The Pharisees see it and ask Jesus’ disciples, “Why does your Teacher eat with tax collectors and sinners?” Table fellowship was very intimate and important in the ancient world. When you ate with someone, it said you greatly valued that person. The Pharisees just could not believe that Jesus would value sinners. Notice that Jesus doesn’t push these “sinners” away. He is more than happy to surround Himself with “sinners.” He wants these “sinners” with Him.

verses 12-13:

Only the sick have a need for a physician. Read it this way: Only those who realize they are sick have need for a physician. The Pharisees are certainly sick. They’re self-righteous. They have everything together. They can look down their noses at those who gather around Jesus. They refuse to acknowledge just how sin-sick they are.

Jesus did not come to call the righteous, but sinners, to repentance. Jesus cannot call the righteous–they refuse to recognize their need, their deplorable state before God. Jesus came to call those who are fully cognizant of their sin to repentance.


We must remember: “Jesus wants sinners to come to Him.”

We need to be intentional in our evangelism.

Jesus is intentional. Yes, He makes friends, but He never loses sight of what’s really important in that relationship. The Lord is not simply enjoying a good meal at Matthew’s house–He has come to call sinners to repentance.

Friends are wonderful, and they make our lives more full. “A friend loves at all times” (Prov 17:17). “There is a friend who sticks closer than a brother” (Prov 18:24).However, we must seek to bring our friends to Jesus. If we never say a word about Jesus to our friends and neighbors, what kind of friend and neighbor are we? If you pass your neighbor’s house and it’s on fire, are you going to stop and see if someone’s inside? When it comes to the souls of people, their houses are not on fire, but their souls are headed for a devil’s hell.

Speak a word for Jesus to at least one friend this week. Invite him/her to worship. Invite him/her to a Bible study.

We need to recognize sin.

Jesus says in this text that He has come to call sinners to repentance. If He never recognized sin, how could He call sinners to repentance?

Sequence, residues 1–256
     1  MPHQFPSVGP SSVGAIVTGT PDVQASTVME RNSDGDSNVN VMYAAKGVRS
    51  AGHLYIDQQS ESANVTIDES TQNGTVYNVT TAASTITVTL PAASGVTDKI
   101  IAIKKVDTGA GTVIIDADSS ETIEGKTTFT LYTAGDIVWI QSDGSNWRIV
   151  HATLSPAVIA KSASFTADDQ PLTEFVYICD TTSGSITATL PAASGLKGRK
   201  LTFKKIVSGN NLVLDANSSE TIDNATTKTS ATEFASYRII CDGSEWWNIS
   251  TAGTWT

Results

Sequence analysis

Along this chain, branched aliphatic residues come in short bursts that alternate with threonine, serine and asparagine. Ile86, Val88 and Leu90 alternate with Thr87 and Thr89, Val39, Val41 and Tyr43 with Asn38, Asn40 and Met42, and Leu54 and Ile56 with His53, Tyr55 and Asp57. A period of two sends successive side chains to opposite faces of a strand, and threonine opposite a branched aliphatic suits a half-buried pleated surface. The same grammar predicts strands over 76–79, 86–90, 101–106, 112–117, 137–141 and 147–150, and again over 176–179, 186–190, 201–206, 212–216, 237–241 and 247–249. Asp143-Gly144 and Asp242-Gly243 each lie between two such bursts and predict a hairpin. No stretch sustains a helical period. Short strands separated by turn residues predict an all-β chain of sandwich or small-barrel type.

Jesus never once turned a blind eye to sin. When a sinful woman anointed Jesus’ feet with fragrant oil, Jesus said to her, “Your sins are forgiven” (Lk 7:48). When Jesus forgave the woman caught in adultery, He said, “Go and sin no more” (Jn 8:11)–He did not ignore the fact that this woman was sinful.

We must understand that people are full of sin. “All have sinned and fall short of the glory of God” (Rom 3:23). Why is it important to recognize sin? If people have no sin, why bother reaching out to them? If everyone is okay apart from Jesus, let’s not do VBS, Friend and Family Day, and Monday Night for the Master!

We need to love those in sin.

It is quite obvious that Jesus loves those who are at the table in Matthew’s home. He’s being their friend, and “A friend loves at all times” (Prov 17:17). He’s going to die for them. “Greater love has no one than this, than to lay down one’s life for his friends” (Jn 15:13).There are a couple ways we can show people we love them.

  • We can serve them. The old axiom is true: “No one cares how much you know until they know how much you care.” Jesus set the example of service when He washed the feet of His disciples.
  • We must teach truth in love. There are many Christians who want to live on one extreme or the other: They want to teach truth and show little concern for love, or they want to teach love and show little concern for truth. God wishes for His people to do both: We are to speak “the truth in love” (Eph 4:15).

We need to see what people can become.

Jesus has a long history of changing lives. Matthew was a tax collector; Jesus took him and made him an apostle. Peter was a coward; Jesus made him a gospel preacher.

The gospel has great power to change. Notice what Paul writes about Onesimus, that runaway slave: He “once was unprofitable to you, but now is profitable to you and to me” (Philem 11). Paul himself is an example of the power of the gospel: 1 Timothy 1:12-16.Look at your own life. How has the power of the cross transformed you? Don’t you believe with all of your heart that the gospel still has that power? Won’t you, therefore, share that message today?

Do you need Jesus to change your life this morning?

This sermon was originally preached by Dr. Justin Imel, Sr., at the Dale Ridge church of Christ in Roanoke, Virginia.